Hurriken mentioned insulating the lid of the hatch. That is one of the most important things to do. Mine is made of plywood. I stacked 2 pieces of 2" extruded foam board (blue stuff) on top of it, a few layers of Reflectix and one layer of some R-13 fiberglass insulation I had around the house. Im not sure if it's enough, but it's much better than it was. The insulation guy said he would have added the two layers of foam only.

Another really important thing about the hatch, is the gasket that the lid rests on when the attic is closed. Mine had a gasket on it, but it wasn't in perfect shape and there was a gap in it at one of the corners.

A new gasket is very cheap and well worth the couple minutes it takes to put it in. You'll find them in the same aisle as the rest of the weather proofing products.

On another note: Thank you for serving our country!

Barb
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Old 09-16-2010, 03:24 PM   #52
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First bill? It might be for more than 30 days, might have a hookup fee, might have a security deposit.... are you sure that's just one month's worth of juice?
You can contact your power company and ask them how much the bills for that house were up to (maybe more) 1 year past.

With the little bit of insulation you have up there now, you're definitely going to save money by sealing and insulating. It's better to start saving right off the bat than to waste money on your electric bill until you get around to it.

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Old 09-16-2010, 03:49 PM   #53
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My house is around 1400sqft. I'll grab a few cans of Great Foam and if I run out, just mark the area so I can come back to it when I get more.

Also, I'll go pick up a few cans of Great Stuff. A 16oz at Home Depot its $3.98 and a 12oz at Lowes its $3.88.

http://www.homedepot.com/h_d1/N-5yc1...atalogId=10053
^^^ This stuff for cracks?

http://www.homedepot.com/h_d1/N-5yc1...atalogId=10053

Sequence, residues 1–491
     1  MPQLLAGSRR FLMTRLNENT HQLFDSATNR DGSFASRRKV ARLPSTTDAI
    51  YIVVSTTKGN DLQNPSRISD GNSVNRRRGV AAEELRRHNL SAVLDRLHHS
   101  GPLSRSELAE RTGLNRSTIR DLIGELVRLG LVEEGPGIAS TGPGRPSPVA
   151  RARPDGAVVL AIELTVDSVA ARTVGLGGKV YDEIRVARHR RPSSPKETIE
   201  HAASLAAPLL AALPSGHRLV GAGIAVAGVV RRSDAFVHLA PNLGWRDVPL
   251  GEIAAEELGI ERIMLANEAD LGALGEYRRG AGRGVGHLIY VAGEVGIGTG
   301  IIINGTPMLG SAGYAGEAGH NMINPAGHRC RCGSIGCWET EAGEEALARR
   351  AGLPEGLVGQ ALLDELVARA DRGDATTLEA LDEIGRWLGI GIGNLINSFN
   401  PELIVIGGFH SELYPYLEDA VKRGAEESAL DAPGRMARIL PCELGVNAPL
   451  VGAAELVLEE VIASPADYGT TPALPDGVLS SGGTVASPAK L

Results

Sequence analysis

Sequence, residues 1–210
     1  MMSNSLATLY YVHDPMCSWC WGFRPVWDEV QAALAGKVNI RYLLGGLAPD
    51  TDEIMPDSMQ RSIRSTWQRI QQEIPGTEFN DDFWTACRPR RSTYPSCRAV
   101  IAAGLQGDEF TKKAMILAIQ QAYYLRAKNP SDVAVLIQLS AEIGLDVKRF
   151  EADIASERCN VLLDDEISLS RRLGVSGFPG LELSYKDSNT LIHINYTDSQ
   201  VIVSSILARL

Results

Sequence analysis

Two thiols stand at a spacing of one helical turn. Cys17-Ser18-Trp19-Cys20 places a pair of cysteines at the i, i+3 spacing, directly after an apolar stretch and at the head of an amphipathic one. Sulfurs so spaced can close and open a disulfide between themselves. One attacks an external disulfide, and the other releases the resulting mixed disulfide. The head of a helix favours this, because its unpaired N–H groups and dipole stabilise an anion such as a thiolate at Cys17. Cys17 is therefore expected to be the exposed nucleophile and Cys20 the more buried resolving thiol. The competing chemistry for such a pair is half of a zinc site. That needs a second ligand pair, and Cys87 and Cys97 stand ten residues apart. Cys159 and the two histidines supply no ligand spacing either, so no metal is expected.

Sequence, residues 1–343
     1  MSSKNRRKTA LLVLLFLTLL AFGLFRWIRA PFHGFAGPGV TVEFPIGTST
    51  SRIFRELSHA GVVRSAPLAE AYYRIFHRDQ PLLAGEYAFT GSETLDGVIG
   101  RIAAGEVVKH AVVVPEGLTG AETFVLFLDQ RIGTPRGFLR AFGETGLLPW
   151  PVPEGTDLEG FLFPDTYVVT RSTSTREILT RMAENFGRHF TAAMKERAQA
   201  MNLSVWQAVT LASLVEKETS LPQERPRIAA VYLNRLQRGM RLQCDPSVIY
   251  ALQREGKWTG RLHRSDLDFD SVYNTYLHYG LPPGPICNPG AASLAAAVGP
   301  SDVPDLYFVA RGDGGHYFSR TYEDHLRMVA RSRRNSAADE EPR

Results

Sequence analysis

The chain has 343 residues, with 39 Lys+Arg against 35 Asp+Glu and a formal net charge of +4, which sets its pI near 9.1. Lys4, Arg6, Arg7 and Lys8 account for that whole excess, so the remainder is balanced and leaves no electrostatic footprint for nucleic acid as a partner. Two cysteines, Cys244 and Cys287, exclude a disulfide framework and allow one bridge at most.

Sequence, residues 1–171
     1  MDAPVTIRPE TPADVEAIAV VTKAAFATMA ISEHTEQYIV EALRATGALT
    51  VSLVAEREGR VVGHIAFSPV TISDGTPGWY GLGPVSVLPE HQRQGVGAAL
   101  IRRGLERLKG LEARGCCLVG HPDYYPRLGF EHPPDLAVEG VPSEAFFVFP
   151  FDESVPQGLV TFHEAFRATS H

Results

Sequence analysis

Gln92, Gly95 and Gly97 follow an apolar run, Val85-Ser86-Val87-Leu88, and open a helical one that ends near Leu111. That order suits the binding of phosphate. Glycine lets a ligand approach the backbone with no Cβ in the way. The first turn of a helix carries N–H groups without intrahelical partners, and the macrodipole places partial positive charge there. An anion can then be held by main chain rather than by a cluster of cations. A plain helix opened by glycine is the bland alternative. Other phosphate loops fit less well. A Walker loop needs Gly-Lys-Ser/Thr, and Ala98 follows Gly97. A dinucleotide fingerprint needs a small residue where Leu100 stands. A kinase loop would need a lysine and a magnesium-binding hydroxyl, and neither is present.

^^^ This stuff for pipes (PVC, eletrical, etc)?

Last edited by Dinggus; 09-16-2010 at 08:34 PM.
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Old 09-17-2010, 05:28 PM   #54
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I think you're on the right track there. The second Great Stuff product - the fireblock - looks like it is to prevent (or slow down) the spread of fire.

You should find out if it would work around a hot exhaust pipe.

Do you have a gas furnace? Or gas water heater? Or is it all electric heat and hot water?

If it's all electric, then you probably wouldn't have a B vent, which is the kind that gets warm. However, the B vent is double walled and does not get that hot. Still and all, I would make sure any foam you use around something like that will tolerate high heat.
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Old 09-17-2010, 10:22 PM   #55
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The water heater is electric heat and hot water (I believe). Friend and I will be going into the attic tomorrow.
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Old 09-17-2010, 10:29 PM   #56
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The water heater is electric heat and hot water (I believe). Friend and I will be going into the attic tomorrow.
Sounds like no B vent, so no hot pipes to worry about.

If you can take a couple of pieces of plywood up with you tomorrow, say about 26-28" x 12-18", you can lay those on the trusses to make it easier to work. Best if you have two each - one for your knees the other for your toes to land on.
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Old 09-17-2010, 10:32 PM   #57
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Okay, thanks! We'll also need gloves and masks, right?
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Old 09-17-2010, 10:40 PM   #58
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Okay, thanks! We'll also need gloves and masks, right?
You betcha!
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Old 09-18-2010, 01:18 AM   #59
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If you have an extra $20, get some knee pads. The crawling is tough on the knees and I find I can go faster with them.
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Old 09-18-2010, 01:37 AM   #60
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Okay, I'll just use the Army issued ones.